Page, Anthony (2004) Illness Narratives in Manic-Depressive Disorder: Issues of Self and Identity. In: Narrative, Memory & Identity: Theoretical and Methodological Issues. University of Huddersfield, Huddersfield, pp. 153-162.

This paper considers the illness narratives of four research participants, each of
whom had a diagnosis of manic-depressive disorder. Manic-depressive
disorder is characterised by prolonged and sometimes severe changes in mood
in the direction of both depression and abnormal elation, so it might be
expected that the research participants would experience a sense of fragility or
instability of self or identity. The paper examines to what extent this is
revealed in their illness narratives.
Manic-depressive disorder is a severe mental illness characterised by changes
in mood in the direction of depression or elation to a pathological degree and is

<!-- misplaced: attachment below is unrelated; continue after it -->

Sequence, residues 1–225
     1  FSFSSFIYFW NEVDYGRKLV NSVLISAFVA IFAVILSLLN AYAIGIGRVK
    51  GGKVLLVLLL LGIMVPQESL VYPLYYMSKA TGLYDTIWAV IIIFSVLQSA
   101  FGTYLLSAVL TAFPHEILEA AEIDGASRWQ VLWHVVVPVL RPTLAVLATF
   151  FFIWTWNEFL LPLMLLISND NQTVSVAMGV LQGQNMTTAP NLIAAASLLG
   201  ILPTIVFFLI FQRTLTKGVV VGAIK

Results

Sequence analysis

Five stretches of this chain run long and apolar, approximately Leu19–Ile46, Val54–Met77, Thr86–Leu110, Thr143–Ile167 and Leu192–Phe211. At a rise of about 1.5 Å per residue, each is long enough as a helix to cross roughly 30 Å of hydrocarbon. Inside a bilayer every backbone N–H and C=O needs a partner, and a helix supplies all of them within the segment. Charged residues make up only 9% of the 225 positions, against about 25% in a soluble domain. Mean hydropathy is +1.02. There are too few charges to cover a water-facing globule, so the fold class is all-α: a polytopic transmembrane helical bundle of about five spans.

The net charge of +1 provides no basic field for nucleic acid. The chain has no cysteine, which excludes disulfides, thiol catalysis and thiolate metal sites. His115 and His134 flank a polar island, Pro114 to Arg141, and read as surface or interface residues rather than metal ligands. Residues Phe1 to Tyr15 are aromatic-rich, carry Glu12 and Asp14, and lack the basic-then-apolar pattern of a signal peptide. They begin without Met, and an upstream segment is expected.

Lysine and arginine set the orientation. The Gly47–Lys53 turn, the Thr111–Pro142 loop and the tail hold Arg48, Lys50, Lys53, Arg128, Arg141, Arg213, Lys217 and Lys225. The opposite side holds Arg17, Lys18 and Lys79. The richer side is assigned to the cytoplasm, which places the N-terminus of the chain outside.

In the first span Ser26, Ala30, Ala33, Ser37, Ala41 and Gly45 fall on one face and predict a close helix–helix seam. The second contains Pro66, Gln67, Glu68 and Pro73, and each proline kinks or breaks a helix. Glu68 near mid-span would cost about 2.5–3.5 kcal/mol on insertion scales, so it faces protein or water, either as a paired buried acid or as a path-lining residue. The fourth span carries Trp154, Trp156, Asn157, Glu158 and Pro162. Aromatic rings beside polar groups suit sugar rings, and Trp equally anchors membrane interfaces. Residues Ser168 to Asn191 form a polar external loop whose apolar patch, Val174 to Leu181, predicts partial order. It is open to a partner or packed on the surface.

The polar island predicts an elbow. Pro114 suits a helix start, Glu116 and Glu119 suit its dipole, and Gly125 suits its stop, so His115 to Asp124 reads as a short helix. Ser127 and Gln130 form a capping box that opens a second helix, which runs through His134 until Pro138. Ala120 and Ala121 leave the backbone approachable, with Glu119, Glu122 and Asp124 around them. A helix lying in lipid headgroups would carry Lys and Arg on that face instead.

often associated with other profound changes in biological and psychological
functioning. The symptoms of the disorder are such that sufferers can come
into conflict with other people and as a result experience significant disruption
in their social circumstances.
Though there are some recent autobiographical accounts of the experience
of manic-depressive disorder (see Jamison, 1996; Garner, 1997 for example)
the research literature on illness narratives in severe mental illness concentrates
on people with a diagnosis of schizophrenia (for example Saris, 1995; Baker,
1996; Roe and Ben-Yishai, 1999). The present study was conceived as an
attempt to begin to fill this gap.
Ethical Issues
The local research ethical committee of the district health authority granted
ethical approval for the study. Patients were recruited as research participants
from my outpatient clinic, but were only approached if they were relatively
mentally well at the time. I explained the nature and purpose of the research,
invited questions about it, and left them a copy of the participant information

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